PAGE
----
In the late 1970s and early 1980s, the acclaim with which the Kalin Cellars wines were received combined with the Leightons’ insights as microbiologists led to a very discreet career in consulting. During this period, Terry and Frances advised well-known estates in Burgundy and Bordeaux that were experiencing problems with malolactic stability and stuck fermentations. It was during a tasting in Puligny-Montrachet, Terry recounted, that he became convinced of the importance of fully complete alcoholic and malolactic fermentation, as a way to avoid filtering for stability. Work in Pomerol also inspired a characteristically Kalin one-off bottling of Merlot in 1981. In this period, the Leightons also ran a biotechnology company, propagating and selling malolactic cultures to the likes of Williams-Selyem’s Burt Williams well before the existence of the dried malolactic isolates that are so readily available today.
Above and beyond
In the 1980s, Kalin Cellars throve, patronized by a celebrity clientele and served by the glass at the likes of Wolfgang Puck’s chic Michelin-starred Spago in Los Angeles. Kalin won lavish praise from Robert Parker, then in his heyday, who dubbed Terry an “eccentric genius” and lauded his Pinot Noir, Chardonnay, Semillon, and Sauvignon Blanc as among the best produced in North America. “These wines approximate what Chambertin tastes like when made by the likes of Lalou Bize-Leroy,” raved Parker, suggesting that “anyone who is familiar with the Domaine de la Romanée-Conti’s magnificent 1980 La Tâche might want to try a bottle of Kalin’s Cuvee DD for comparison.”
North American wine culture was changing, however. In his reviews, Parker had observed that while many Californian Chardonnays tended to evolve rapidly, Kalin Cellars’ were only beginning to open up with four or five years in bottle. Yet an end to tax exemptions for winery inventory combined with an influx of new consumers who hadn’t grown up in a traditional wine culture meant that wines were being drunk younger and younger. Rather than change their approach to deliver more youthfully accessible wines, the Leightons’ solution to the problem was typically fundamentalist: they simply began systematically aging their wines before release.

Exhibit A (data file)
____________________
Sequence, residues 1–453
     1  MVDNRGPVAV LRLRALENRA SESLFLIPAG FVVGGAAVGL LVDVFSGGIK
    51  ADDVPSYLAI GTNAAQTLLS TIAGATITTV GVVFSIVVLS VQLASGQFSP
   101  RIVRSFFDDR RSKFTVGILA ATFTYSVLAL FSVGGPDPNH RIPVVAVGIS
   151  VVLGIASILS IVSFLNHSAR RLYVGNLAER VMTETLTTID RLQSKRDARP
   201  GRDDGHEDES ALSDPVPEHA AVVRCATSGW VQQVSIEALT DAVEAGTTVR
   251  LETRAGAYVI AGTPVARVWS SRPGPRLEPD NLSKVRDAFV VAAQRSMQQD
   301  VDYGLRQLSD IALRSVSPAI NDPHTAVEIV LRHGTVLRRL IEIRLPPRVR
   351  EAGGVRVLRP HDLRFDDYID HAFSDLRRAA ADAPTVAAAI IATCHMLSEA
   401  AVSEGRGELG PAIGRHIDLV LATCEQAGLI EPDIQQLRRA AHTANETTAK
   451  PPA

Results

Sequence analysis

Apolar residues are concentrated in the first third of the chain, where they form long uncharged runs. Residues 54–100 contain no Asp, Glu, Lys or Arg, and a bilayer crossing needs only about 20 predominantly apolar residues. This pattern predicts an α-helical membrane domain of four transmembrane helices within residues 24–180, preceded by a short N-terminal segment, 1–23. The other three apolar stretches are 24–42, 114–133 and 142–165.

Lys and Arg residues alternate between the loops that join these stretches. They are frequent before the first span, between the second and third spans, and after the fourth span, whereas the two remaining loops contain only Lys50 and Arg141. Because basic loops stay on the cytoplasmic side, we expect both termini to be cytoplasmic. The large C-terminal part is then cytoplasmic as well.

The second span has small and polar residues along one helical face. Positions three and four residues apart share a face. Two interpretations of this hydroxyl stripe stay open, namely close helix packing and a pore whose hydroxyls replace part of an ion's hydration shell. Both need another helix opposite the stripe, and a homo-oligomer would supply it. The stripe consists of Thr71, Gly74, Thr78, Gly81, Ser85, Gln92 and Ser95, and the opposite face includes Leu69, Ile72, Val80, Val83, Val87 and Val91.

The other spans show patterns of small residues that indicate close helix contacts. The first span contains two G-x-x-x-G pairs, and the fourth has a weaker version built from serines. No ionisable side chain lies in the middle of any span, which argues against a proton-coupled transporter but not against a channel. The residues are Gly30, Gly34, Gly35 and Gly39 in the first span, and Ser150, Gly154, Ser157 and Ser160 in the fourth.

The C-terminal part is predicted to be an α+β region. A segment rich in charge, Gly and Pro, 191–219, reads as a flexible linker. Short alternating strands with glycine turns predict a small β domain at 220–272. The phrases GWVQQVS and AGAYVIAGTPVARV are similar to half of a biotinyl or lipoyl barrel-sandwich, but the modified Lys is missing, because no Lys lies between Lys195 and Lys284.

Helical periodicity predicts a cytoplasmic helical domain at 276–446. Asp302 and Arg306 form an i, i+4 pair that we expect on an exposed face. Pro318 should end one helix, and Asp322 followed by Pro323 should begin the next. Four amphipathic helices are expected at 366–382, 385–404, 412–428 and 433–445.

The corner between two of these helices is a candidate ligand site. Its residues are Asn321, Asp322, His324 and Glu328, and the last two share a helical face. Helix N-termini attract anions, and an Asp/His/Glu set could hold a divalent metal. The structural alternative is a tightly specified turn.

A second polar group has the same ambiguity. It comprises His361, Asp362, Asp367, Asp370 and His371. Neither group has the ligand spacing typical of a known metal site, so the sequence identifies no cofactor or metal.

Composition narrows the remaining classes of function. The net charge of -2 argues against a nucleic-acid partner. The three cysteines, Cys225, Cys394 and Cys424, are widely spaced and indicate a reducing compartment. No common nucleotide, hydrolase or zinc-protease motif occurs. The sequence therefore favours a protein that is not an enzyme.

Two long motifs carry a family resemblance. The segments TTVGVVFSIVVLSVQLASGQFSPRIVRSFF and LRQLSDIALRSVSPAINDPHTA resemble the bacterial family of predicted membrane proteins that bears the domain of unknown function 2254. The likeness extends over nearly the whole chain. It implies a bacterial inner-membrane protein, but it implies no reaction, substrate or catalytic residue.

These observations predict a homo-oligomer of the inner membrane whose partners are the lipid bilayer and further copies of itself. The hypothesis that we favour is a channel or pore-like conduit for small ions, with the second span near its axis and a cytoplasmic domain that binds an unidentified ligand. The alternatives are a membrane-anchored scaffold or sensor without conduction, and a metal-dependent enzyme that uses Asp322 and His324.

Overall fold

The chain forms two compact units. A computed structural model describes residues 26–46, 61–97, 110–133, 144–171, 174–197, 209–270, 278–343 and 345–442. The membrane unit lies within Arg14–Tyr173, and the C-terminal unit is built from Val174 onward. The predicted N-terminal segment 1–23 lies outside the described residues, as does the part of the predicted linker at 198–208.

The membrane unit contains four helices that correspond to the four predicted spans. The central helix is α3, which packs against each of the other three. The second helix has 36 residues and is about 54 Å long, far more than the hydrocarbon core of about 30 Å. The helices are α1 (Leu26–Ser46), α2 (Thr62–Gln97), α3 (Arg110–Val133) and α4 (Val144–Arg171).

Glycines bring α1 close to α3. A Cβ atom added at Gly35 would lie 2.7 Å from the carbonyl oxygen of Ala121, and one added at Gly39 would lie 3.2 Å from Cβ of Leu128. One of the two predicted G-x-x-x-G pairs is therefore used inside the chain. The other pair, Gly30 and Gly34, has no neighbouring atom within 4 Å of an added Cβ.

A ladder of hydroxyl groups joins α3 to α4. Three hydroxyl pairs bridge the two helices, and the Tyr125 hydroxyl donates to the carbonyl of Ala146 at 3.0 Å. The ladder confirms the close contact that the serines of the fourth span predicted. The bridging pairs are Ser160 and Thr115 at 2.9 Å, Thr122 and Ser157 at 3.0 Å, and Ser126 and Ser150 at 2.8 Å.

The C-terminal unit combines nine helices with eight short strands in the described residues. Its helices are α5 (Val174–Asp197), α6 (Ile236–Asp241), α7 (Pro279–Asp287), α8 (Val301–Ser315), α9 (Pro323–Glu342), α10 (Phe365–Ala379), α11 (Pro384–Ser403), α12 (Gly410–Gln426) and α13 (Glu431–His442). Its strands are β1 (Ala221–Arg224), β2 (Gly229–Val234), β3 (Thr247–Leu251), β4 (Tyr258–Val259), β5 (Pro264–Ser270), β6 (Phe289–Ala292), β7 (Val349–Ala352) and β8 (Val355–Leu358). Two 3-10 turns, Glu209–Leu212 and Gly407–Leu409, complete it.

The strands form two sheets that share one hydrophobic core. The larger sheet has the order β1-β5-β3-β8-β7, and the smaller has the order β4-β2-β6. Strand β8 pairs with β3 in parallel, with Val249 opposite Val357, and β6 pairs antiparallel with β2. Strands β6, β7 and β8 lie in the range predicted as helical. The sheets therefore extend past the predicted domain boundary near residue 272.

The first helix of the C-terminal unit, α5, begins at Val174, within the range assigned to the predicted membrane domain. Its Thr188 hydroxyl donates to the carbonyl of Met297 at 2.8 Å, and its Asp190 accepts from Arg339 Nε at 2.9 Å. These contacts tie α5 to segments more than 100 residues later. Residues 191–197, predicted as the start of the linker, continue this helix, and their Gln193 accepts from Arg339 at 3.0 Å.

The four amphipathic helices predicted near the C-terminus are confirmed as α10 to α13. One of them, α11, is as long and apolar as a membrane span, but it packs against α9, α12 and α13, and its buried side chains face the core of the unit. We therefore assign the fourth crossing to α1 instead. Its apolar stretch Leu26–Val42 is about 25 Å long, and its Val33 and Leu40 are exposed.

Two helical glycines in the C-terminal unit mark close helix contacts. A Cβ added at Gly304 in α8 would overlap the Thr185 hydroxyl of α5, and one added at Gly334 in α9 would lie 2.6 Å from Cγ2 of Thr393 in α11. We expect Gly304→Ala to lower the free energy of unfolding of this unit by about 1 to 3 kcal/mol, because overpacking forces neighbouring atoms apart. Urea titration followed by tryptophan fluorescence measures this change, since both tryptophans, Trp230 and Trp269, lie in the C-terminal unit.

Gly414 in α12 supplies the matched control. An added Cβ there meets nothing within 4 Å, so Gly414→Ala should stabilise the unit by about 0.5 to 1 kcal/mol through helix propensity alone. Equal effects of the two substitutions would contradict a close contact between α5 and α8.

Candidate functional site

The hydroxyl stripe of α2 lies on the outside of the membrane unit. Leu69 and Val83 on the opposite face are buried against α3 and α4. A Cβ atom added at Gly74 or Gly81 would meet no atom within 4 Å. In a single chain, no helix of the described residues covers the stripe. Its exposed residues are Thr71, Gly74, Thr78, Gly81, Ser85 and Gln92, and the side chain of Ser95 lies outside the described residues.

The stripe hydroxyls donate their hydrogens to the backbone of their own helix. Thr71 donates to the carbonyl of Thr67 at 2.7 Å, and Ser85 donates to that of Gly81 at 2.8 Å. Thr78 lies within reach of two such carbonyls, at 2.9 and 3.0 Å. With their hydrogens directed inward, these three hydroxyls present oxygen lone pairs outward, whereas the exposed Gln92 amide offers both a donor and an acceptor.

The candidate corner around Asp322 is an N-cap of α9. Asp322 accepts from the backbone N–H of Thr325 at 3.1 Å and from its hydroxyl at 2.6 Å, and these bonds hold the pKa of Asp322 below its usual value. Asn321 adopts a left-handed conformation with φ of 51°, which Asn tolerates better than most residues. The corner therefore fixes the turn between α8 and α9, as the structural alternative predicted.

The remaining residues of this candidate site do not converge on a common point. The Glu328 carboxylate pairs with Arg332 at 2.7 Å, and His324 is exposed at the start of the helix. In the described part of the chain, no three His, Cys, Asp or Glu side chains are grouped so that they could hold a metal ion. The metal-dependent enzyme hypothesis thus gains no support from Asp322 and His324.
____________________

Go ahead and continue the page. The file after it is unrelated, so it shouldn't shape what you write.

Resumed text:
While that won them friends with consumers passionate about mature wines, and while aged bottles of Kalin opened many an eye to the true potential of California wine, this late-release policy also did something to marginalize the winery in a market increasingly oriented toward critical reviews of “the latest vintage.” Terry, of course, was just fine with that, a mentality exemplified by his series of so-called “stealth cuvées,” wines from particularly good selections of vineyards and grapes, often named in homage to important individuals in the Kalin pantheon such as Willy Joslin, the viticulturist at Wente Vineyards who had done so much to preserve the Livermore Valley’s old vines. These cuvées, which saw extended élevage and even later release, were “named after the aircraft [i.e. the Stealth Bomber],” Terry liked to say: “If you don’t see them coming you won’t see them going.”
In their last declining years, the pace of Kalin releases slowed and then stopped, but admirers of California’s most idiosyncratic winery will be pleased to know that several hitherto unsold vintages are still waiting in the wings. They will be a fitting tribute to a couple who certainly lived up to their credo: Never produce a wine with less character than yourself.